BRIEF DESCRIPTION OF THE FIGURES

FIG. 1 is a photograph of newly regenerated cartilage in a partial thickness defect in the articular cartilage of a knee of a sheep in the study described in Example 1. The photograph shows the columnar outgrowth of newly formed cartilage with chondrocytes formed in the deep intact layer of the partial chondral defect. The formation of the newly formed cartilage begins in the intact layer with outgrowth of the new cartilage to the surface. The deeper layer of the newly formed cartilage is rich in type II collagen. The superficial (top) layer is not columnar, which is also characteristic of normal articular architecture. A light thin horizontal line marks the interface between original intact cartilage at the base of the partial thickness defect and the newly regenerated cartilage.

FIG. 2 provides a higher magnification of the tissue in FIG. 1 showing the interface between intact cartilage and newly formed cartilage. Some columns as well as some lacunae are seen residing in both the intact and newly formed cartilage indicating that the origin of the newly formed cartilage is the intact layer.

FIG. 3 shows columnar outgrowth of newly regenerated articular cartilage in the knee of a sheep in Example 1 with a special view of the collagen fibers that are oriented in the deep layer of the newly formed cartilage in a manner perpendicular to the base of the partial thickness defect. This is a feature of normal microarchitecture of healthy articular cartilage.

DETAILED DESCRIPTION OF THE INVENTION

The invention is based on the discovery that authentic hyaline cartilage can be regenerated at a partial thickness defect in articular (joint) cartilage, i.e., at a defect in the cartilage that does not penetrate to the subchondral bone, when the normal repair response that typically generates inferior fibrocartilaginous material is sufficiently suppressed or inhibited to permit the slower process of authentic chondrogenesis to proceed. Methods and compositions described herein thus provide the means to regenerate authentic hyaline cartilage at the site of a partial thickness defect in the joint of an individual instead of being filled with an inferior fibrocartilaginous repair tissue, which typically does not persist and cannot prevent the eventual degeneration (increasing in diameter and depth) of the partial thickness defect to become a full thickness defect that penetrates to and exposes the subchondral bone. Accordingly, by regenerating authentic cartilage at the site of a partial thickness defect, the methods and compositions described herein may be used to prevent the development of osteoarthritis. In addition, the methods described herein may be carried out arthroscopically and thereby avoid open surgery and scarring of the soft tissues surrounding the joint space and the patient's skin over the joint (e.g., at the knee or elbow).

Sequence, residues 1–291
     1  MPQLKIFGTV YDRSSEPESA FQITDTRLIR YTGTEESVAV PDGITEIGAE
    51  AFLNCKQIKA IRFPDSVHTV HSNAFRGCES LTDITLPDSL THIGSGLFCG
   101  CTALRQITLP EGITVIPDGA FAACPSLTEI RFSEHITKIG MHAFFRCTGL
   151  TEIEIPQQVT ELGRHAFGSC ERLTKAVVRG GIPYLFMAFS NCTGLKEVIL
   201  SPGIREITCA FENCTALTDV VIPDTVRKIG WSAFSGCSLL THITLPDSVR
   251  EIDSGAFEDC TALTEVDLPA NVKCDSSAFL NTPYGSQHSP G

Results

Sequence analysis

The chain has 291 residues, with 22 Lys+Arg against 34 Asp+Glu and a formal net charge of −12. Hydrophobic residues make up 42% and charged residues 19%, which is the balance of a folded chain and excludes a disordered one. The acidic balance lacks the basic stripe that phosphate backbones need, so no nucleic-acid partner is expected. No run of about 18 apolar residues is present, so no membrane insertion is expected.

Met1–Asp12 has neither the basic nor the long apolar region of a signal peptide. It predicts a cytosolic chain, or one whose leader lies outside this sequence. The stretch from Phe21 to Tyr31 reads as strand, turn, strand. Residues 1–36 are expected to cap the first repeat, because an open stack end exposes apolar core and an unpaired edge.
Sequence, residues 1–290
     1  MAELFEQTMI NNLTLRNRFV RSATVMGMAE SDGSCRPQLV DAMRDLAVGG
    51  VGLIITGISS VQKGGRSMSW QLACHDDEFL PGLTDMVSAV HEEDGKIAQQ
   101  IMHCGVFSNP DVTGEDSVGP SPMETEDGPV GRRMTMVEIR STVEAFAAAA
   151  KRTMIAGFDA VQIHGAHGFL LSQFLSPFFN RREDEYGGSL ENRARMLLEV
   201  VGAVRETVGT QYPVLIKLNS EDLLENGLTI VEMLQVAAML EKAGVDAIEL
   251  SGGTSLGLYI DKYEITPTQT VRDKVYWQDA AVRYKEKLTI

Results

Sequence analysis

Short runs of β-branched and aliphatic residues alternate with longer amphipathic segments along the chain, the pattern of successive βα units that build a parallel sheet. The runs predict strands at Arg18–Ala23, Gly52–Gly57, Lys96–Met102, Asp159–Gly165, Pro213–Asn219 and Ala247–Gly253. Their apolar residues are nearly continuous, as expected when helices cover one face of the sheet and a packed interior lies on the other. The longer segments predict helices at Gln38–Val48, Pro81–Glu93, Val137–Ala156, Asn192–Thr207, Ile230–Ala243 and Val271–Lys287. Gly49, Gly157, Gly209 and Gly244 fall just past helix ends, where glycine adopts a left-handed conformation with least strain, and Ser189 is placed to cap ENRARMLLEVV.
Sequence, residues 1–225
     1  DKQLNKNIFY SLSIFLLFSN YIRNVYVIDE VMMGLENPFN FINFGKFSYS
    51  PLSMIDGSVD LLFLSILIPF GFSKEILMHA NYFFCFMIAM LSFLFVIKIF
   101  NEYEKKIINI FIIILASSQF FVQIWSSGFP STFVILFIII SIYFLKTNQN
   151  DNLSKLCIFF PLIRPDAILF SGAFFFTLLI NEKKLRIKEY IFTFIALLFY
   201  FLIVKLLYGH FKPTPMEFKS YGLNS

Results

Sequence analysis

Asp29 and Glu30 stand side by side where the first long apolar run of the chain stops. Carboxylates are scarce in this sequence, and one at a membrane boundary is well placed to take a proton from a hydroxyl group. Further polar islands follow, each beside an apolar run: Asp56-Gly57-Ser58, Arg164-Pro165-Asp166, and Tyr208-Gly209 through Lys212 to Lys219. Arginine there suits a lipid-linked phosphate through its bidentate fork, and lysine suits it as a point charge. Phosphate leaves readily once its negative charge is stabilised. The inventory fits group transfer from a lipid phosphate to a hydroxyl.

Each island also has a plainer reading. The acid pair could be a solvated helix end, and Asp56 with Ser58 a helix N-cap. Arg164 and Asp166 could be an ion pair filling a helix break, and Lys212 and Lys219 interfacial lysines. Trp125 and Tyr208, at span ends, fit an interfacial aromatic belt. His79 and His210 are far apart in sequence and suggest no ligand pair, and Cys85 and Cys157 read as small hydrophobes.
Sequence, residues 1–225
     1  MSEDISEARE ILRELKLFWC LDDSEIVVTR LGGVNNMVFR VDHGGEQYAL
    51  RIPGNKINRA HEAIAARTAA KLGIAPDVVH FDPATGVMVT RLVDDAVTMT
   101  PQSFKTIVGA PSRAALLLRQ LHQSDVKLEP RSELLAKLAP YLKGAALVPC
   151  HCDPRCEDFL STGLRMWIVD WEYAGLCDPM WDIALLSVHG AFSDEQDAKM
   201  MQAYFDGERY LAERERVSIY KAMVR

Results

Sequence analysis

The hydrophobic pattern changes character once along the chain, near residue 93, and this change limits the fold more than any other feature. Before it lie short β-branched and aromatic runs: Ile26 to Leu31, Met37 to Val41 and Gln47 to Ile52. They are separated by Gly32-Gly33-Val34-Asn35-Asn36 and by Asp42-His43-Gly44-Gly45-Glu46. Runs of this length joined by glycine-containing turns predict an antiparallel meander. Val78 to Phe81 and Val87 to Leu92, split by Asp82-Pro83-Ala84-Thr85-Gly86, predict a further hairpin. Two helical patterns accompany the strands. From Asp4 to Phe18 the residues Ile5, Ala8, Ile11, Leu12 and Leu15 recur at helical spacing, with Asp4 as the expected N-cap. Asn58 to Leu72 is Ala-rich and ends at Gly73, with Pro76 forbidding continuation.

Methods of the invention for treating a partial thickness defect or an area of reduced volume of articular cartilage in the joint of an individual comprise:

administering to the partial thickness defect or area of reduced volume of articular cartilage an infiltration suppressor agent that suppresses or inhibits infiltration of synoviocytes, fibroblasts (including fibroblast-like cells), and/or subchondral bone marrow cells into the defect or area, and

    • administering to the partial thickness defect or area of reduced volume of articular cartilage a columnar growth promoting agent that promotes columnar growth of chondrocytes in the defect or area.

An “infiltration suppressor agent” useful in the methods and compositions described herein may be any compound or combination of compounds that suppresses or inhibits migration or growth of various repair cells such as synoviocytes, fibroblasts (including fibroblast-like cells), and bone marrow cells that by migration and/or growth are able to rapidly infiltrate a partial thickness defect or area of reduced volume of articular cartilage. Examples of compounds that are known to inhibit migration or proliferation of such cells and, therefore, may be used as an infiltration suppressor agent, include, but are not limited to, corticoid steroids (e.g., dexamethasone), cartilage derived morphogenetic proteins (CDMPs, e.g., CDMP-1, CDMP-2), and combinations thereof. CDMP-1 is also known in the art as “GDF-5”, “BMP-14”, or “MP-52”. CDMP-2 is also known in the art as “GDF-6” or “BMP-13”. A preferred infiltration suppressor agent that is useful in the methods and combinations described herein is a combination or mixture of dexamethasone and CDMP-2. Dexamethasone and CDMP-2 may be administered individually by local injection into a defect or area of reduced volume of articular cartilage, or the two drugs may be combined and injected together into the defect or area.

Standard assays using cell cultures permit a compound or combination of compounds to be tested for the ability to inhibit growth of synoviocytes, fibroblasts, or bone marrow cells and, therefore, to be used as an infiltration suppressor agent (see, e.g., Lories et al., Ann. Rheum. Dis., 62(6): 568-571 (2003)). Compounds that inhibit migration may be identified by the ability to inhibit synthesis of molecules that stimulate migration by such migratory cells in culture, e.g., in cultures of primary synoviocytes (see, e.g., Vandenabeele et al., Arch. Histol. Cytol., 66(2): 145-153 (2003)). Such assays may detect the synthesis (or inhibition of synthesis) of a migration-related peptide or polypeptide or of the mRNA transcripts encoding one or more migration-related peptides or polypeptides using any of a variety of standard detection systems, e.g., antibody-based detection systems, Northern blots, polymerase chain reaction (PCR) methods, and the like.